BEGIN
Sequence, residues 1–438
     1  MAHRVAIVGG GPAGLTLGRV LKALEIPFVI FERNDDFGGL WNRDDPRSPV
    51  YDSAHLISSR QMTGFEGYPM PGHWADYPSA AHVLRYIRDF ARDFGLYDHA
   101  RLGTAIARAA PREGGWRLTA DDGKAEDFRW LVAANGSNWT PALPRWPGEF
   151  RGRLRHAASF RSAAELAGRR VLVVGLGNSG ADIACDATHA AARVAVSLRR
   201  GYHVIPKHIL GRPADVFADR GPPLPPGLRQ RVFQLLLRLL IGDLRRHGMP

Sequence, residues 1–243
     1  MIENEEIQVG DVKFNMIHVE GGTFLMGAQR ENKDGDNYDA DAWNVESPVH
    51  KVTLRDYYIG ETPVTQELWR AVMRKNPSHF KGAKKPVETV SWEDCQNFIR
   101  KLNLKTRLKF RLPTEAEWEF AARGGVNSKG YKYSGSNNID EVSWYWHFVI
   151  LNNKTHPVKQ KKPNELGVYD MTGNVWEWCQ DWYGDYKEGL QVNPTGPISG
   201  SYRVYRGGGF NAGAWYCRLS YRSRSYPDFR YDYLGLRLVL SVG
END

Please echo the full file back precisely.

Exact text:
Sequence, residues 1–438
     1  MAHRVAIVGG GPAGLTLGRV LKALEIPFVI FERNDDFGGL WNRDDPRSPV
    51  YDSAHLISSR QMTGFEGYPM PGHWADYPSA AHVLRYIRDF ARDFGLYDHA
   101  RLGTAIARAA PREGGWRLTA DDGKAEDFRW LVAANGSNWT PALPRWPGEF
   151  RGRLRHAASF RSAAELAGRR VLVVGLGNSG ADIACDATHA AARVAVSLRR
   201  GYHVIPKHIL GRPADVFADR GPPLPPGLRQ RVFQLLLRLL IGDLRRHGMP

Sequence, residues 1–243
     1  MIENEEIQVG DVKFNMIHVE GGTFLMGAQR ENKDGDNYDA DAWNVESPVH
    51  KVTLRDYYIG ETPVTQELWR AVMRKNPSHF KGAKKPVETV SWEDCQNFIR
   101  KLNLKTRLKF RLPTEAEWEF AARGGVNSKG YKYSGSNNID EVSWYWHFVI
   151  LNNKTHPVKQ KKPNELGVYD MTGNVWEWCQ DWYGDYKEGL QVNPTGPISG
   201  SYRVYRGGGF NAGAWYCRLS YRSRSYPDFR YDYLGLRLVL SVG